Even More Bluetooth Smart Bulb Hacking
One morning, my Magic Blue bulb fell and broke. Normally, this would be annoying, if not upsetting, but I was happy about it — I’ve wanted to break it open for a while to see what’s inside and try to reverse engineer it. Finally, I got the opportunity!
I often bring the Magic Blue bulb along with me to do demonstrations when I travel to workshops and conferences. Since the bulb runs on AC, it is sometimes very inconvenient to test my code when I am on the go (in trains, planes, automobiles… you get the idea). I’d even built an Android app that emulates the bulb for exactly this reason.
The goal of the reverse engineering project was to use the LEDs and logic part of the bulb to create a portable version of the bulb that would run on batteries, as much fun as it is to test the bulb in hotels…
The second goal was to see if there were any undocumented ways to control the bulb. Out of the box, it offers RGB, Warm white and several preset modes — but you can’t, for instance, mix Warm White with RGB.
Last, but not least, I hoped to learn from the design of the bulb: what kind of chip are they using? How many LEDs do they have and how they connect? Do they have some type of self-update mechanism for the firmware?
Inside the Bulb
First of all, I should say that I found this bulb much easier to take apart compared to the WiFi bulb I worked on previously. By applying just a little force and cutting the red Live power wire from the bulb base, I was able to completely remove the cover and get just the electronics.
The guts of the bulb consist of 3 parts: the power supply, the logic board and the LED board.
The power supply is connected to the logic board with a 3-pin connector labeled “V+”, “-”, and “3.3V”, which is turn is connected to the LED board by 5 pins labeled “V+”, “W”, “B”, “R”, “G”, which I quickly figured out stand for White, Blue, Red and Green. So far so good.
The LED board had 3 RGB LEDs in the center, a ring of 12 warm-white LEDs and some resistors on it.
I decided to cut the pins connecting between the power supply board and the logic board, so I could power it myself and focus on it. I connected a 3.3v power supply to the “3.3V” and “-” pins, ran a quick BLE scan and voila — I could see the bulb.
Not only I could see it, I could even connect to it with both the official app as well as the app I built for the AngularConnect workshop and send some commands.
It seemed like it everything worked, save one thing: there was no light!
Let There Be Light!
I figured out that if I wanted actual light output, I will probably need to supply some power to the “V+” pin, as it is the one that goes to the LED board. I connected that pin to the power supply, and then started from a low voltage, limiting the current to 80mA, and slowly raised the voltage limit. At some point, around 5V, a dim red light started to appear, and as I went up with the voltage knobs, I suddenly got green and then blue. It was working: the bulb circuit was powered. Warm white actually required a little higher voltage; 12V seemed to do the trick.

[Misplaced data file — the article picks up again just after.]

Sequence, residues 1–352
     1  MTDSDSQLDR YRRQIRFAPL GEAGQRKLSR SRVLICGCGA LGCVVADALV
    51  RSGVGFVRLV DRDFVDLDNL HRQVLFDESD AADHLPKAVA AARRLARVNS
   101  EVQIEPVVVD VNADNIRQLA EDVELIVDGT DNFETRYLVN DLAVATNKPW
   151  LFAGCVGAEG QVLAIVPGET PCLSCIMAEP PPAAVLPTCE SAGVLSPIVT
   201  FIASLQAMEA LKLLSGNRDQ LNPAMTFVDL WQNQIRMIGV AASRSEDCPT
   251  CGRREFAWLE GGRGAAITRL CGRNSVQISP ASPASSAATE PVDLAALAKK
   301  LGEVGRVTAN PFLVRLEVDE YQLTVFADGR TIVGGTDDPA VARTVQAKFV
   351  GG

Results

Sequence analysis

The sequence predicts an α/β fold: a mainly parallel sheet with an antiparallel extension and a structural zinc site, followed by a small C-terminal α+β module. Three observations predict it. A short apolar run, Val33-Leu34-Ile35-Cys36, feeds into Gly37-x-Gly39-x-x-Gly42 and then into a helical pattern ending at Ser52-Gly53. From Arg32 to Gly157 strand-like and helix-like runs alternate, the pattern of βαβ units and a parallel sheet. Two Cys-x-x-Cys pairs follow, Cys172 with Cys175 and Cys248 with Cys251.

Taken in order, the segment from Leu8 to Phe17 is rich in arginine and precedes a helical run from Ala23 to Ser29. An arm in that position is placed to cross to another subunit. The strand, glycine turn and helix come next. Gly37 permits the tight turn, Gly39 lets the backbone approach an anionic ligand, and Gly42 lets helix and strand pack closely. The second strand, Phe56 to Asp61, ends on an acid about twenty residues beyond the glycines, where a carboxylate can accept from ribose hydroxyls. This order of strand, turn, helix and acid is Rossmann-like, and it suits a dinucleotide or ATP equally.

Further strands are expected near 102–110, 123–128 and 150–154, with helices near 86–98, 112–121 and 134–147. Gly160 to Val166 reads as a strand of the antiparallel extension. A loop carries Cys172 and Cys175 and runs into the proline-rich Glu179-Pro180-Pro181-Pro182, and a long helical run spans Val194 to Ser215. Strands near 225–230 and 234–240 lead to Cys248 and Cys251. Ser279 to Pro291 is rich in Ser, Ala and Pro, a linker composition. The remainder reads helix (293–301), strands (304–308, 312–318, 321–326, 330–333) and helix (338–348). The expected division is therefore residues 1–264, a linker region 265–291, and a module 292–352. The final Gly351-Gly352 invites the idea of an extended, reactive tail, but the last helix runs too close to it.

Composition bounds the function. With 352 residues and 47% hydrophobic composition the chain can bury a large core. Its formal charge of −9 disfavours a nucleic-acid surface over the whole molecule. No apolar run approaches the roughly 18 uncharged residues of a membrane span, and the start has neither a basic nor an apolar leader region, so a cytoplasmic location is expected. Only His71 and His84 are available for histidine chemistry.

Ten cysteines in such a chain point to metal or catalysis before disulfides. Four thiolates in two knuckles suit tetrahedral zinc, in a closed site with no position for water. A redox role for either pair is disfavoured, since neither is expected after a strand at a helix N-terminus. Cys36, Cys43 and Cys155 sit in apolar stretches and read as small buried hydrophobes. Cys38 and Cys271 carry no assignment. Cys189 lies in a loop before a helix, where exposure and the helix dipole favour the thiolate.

So, first goal achieved: with a 5V power bank, a 3.3V regulator, and a 12V step-up regulator, I could power the bulb electronics just using battery power.
Now for the fun part!
Getting the Firmware
By looking closely at the logic board, I discovered they used the nRF51822 chip — the same chip I used for the ng-beacon and for the Purple Eye Robot! This is really great for a couple of reasons. First of all, I am already familiar with the chip, and second, it is always fun to see commercial vendors choosing the same products you use in your DIY experiments :-)
Looking closer, I saw that the designers (with whom I’m now thoroughly enthralled) left a small present for me: 3 unsoldered pads that connected directly to the programming interface of the nRF51822 chip!
I quickly soldered a 3-pin header to those pads, connected them to my JLink programmer device, and ran the
openocd tool, a free program that allows you to program and debug ARM-based devices:
openocd -f interface/cmsis-dap.cfg -f target/nrf51.cfg -c init;exit
and… it worked! I spotted the following line in the output:
Info : nRF51822-QFAB(build code: C0) 128kB Flash
So it recognized the chip and could communicate with it. Perfect!
Some googling taught me how to dump the firmware from the device:
openocd -f interface/cmsis-dap.cfg -f target/nrf51.cfg -c "init; halt; flash read_bank 0 magicblue.bin 0 131072; exit"
(Note: above is a single line.)
The magic number 131072 is just the size of the flash (128kb in bytes).
The next step was firing up an IDA to look around… But first, I converted the file into the ELF format to make things a little easier (for more info, see my other post):
arm-none-eabi-objcopy -I binary -O elf32-littlearm --binary-architecture arm magicblue.bin magicblue.elf
Playing with the Firmware
Once in the IDA, I switched to Thumb instruction mode (also explained in the WiFi bulb post linked above), and went hunting for strings. There were just a few strings, most of them named the source files of the bulb firmware, but there was one string consisting of the 16 hexadecimal digits: